Series: Knitting Mystery #11
Published by Berkley on 6/04/2013
Genres: Cozy Mystery, Mystery
Source: the library
Also in this series: Cast On, Kill Off, Yarn Over Murder, Purl Up and Die, Knit to Be Tied
Also by this author: Cast On, Kill Off, Yarn Over Murder, Purl Up and Die, Knit to Be Tied
Springtime in Fort Connor, Colorado, is a breeze until a veteran con man shows up in town. Everyone—including the House of Lambspun knitters—is up in arms, and once again it’s up to Kelly Flynn to untangle the threads of a complicated crime...
Kelly’s good friend, the owner of the House of Lambspun, has something exciting up her sleeve. Her knitting shop has outgrown itself and she is looking to turn an old storage building into a classroom space for her shop’s spinners and weavers.
But when an old familiar face shows up in town, nerves quickly become frayed...
Years ago Jared Rizzoli, a former financial advisor, operated a Ponzi scheme that defrauded countless Fort Connor residents—including Barbara, one of the shop’s knitters. Jared went to jail for his crime, but after being released for good behavior, he’s back to ruin more lives.
When Jared is found dead in his car outside of Lambspun, Barbara becomes a prime suspect, much to the shock of the knitting community. To save one of their own, Kelly and her friends need to sort through a long list of fleeced suspects to pin the crime on the true killer...
For me, Maggie Sefton’s Knitting Mysteries are mental popcorn. I mean that in a positive way: they’re a pleasant diversion, perfect for when I need something light. They’re entertaining but not demanding, filled with characters I like as well as plenty of references to one of my other favorite past-times, knitting.
Close Knit Killer felt a little different than the previous ones, and I’m still trying to figure out why. I think primarily it’s that Kelly doesn’t really do much detecting in this book. She’s certainly keeping tabs on the police investigation, and she’s definitely concerned when several of the main suspects are acquaintances whom she likes. But unlike in the earlier books, Kelly doesn’t actually do any snooping around or trying to find clues on her own in this one — which is most unlike her. She doesn’t really solve the crime; the solution is practically handed to her on a platter. To be fair, her behavior here is a lot more realistic than in the other books. Cops don’t generally appreciated amateurs poking around and potentially interfering with their own investigations. But in a cozy mystery, I normally expect at least some sleuthing by the amateur sleuth!
The mystery itself was also a little disappointing, because it wasn’t that hard to figure out despite the proliferation of on-the-scene suspects. I picked up on the murderer pretty early on, though I couldn’t be certain for a while, since there were no specific clues pointing in that direction until the last quarter of the book.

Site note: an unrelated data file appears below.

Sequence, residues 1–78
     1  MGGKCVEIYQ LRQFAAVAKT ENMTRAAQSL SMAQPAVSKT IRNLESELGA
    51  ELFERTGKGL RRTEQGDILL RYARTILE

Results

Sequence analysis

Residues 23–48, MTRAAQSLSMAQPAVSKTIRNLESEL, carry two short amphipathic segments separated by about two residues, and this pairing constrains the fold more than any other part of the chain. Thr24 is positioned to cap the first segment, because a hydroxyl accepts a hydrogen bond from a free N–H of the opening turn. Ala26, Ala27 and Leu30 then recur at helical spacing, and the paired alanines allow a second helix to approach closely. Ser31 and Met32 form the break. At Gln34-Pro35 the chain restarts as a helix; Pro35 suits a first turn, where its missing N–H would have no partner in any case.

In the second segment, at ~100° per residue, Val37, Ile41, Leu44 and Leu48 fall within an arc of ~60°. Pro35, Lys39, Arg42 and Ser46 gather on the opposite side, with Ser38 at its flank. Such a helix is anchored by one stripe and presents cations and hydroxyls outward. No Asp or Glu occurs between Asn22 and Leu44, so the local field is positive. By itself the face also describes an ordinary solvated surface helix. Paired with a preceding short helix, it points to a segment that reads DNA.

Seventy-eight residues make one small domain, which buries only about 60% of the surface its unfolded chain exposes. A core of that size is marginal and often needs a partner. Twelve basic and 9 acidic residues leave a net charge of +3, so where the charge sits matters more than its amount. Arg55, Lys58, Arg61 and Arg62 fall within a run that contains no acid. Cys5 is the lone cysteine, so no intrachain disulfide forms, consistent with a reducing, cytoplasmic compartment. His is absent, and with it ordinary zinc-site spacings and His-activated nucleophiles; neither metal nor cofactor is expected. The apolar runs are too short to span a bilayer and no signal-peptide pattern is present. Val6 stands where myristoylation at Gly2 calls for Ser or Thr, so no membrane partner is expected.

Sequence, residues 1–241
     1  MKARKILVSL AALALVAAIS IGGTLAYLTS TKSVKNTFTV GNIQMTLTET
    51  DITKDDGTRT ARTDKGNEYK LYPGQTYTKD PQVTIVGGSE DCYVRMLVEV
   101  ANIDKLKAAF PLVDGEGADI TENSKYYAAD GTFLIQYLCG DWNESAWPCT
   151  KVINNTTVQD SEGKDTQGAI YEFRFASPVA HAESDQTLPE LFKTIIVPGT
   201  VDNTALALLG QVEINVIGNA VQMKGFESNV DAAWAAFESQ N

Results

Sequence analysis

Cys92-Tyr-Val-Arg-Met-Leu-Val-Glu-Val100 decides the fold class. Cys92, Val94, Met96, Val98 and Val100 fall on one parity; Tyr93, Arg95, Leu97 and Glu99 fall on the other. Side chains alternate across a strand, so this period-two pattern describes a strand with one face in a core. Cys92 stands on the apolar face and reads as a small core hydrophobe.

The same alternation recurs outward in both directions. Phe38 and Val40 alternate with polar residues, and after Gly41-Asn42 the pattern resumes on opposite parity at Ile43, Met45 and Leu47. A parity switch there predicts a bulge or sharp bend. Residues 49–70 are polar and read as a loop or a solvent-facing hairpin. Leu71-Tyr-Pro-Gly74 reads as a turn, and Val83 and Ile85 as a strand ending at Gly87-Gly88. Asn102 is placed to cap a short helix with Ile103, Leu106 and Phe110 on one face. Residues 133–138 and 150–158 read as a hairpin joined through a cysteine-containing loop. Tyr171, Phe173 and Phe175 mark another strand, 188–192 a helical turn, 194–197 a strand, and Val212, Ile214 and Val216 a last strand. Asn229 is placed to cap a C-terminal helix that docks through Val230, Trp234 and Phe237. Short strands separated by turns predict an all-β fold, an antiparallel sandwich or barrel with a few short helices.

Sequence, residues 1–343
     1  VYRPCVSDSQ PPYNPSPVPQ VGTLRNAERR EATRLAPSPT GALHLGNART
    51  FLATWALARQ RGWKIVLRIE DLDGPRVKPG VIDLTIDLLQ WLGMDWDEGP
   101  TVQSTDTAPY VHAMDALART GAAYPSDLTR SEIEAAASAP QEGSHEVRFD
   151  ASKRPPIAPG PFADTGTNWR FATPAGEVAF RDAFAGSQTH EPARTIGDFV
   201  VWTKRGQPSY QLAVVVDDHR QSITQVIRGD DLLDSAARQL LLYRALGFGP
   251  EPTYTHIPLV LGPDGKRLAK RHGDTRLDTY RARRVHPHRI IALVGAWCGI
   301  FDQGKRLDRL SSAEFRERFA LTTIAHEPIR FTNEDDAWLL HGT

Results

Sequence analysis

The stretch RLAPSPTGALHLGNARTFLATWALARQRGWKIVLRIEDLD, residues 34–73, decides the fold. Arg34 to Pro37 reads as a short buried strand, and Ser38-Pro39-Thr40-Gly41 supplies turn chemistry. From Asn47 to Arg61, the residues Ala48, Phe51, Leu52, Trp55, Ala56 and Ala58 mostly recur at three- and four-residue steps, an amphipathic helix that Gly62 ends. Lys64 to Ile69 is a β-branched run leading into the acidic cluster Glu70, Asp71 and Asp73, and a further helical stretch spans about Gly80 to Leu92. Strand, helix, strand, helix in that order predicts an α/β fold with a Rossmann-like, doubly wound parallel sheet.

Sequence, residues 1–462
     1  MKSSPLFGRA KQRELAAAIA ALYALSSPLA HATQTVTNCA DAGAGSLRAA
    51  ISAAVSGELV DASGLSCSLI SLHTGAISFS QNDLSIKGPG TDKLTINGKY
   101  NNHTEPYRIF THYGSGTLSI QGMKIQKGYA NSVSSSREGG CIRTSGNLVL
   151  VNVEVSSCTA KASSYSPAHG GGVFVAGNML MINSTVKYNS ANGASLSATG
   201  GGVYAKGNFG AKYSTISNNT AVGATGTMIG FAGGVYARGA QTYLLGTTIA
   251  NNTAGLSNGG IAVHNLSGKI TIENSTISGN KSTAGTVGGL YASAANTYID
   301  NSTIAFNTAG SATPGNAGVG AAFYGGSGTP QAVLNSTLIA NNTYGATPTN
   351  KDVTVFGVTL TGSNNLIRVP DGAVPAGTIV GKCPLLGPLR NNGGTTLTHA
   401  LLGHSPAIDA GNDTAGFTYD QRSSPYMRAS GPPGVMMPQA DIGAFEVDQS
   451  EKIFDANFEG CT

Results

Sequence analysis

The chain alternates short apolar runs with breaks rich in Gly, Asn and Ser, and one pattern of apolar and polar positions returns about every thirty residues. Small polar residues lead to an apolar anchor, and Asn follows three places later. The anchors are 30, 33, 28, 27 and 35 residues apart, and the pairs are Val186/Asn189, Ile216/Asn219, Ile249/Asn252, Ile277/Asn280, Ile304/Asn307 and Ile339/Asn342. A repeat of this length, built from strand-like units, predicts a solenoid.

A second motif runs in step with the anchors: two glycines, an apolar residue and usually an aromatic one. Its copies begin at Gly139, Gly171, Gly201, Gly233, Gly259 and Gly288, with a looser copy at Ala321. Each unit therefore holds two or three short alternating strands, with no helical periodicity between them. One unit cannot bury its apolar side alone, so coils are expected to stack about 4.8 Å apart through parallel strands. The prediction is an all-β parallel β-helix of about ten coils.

Kelly’s unusual investigative restraint didn’t keep me from enjoying Close Knit Killer. As usual, there is a subplot involving Kelly’s friends. After cafe owner Pete’s grandfather is taken ill, Pete and his girlfriend Jennifer find themselves in loco parentis to Pete’s tween niece, Cassie. The friends all jump in to help provide supervised summer activities for Cassie, since Pete and Jennifer both work long hours. Cassie is a sweetheart, although she’s almost too good; I kept wondering when we would see something other than perfect behavior from her. Maybe that will come in a future book.
Kelly’s circle of friends is one of the things I like best about this series. They’re all nice people, and they clearly care about and support each other. Sefton relies a little too much on giving each character a few identifying characteristics, and there’s not a lot of character development in each book, but over the course of the series, most of the regular characters have been fleshed out enough to avoid being two-dimensional. I was also glad to see that Kelly and Steve’s relationship is back on an even keel; their breakup a few books ago almost made me quit reading the series. Unfortunately, Steve doesn’t put in many appearances in Close Knit Killer, because he’s working down in Denver.
Another thing I really like about this series is the setting. Sefton’s “Fort Connor” is a thinly-disguised Fort Collins, Colorado, and the yarn shop around which the series revolves is based on a real shop. (I keep promising myself that I’ll get there someday.) The shop, with its adjacent cafe, is almost a character in the series, and the overall setting — a small city situated right against the mountains — gives plenty of scope for variety. Close Knit Killer occurs mostly in and around the Lambspun shop, but previous mysteries have taken place elsewhere in the city and up in the ranches and canyons, which adds variety to the series.
Close Knit Killer isn’t the strongest entry in the Knitting Mysteries series, but I think fans will enjoy it anyway. If you love cozy mysteries and haven’t tried this series yet, I recommend starting with the first book, Knit One Kill Two.
|I read this book as part of the Cruisin’ Through the Cozies Reading Challenge 2013.|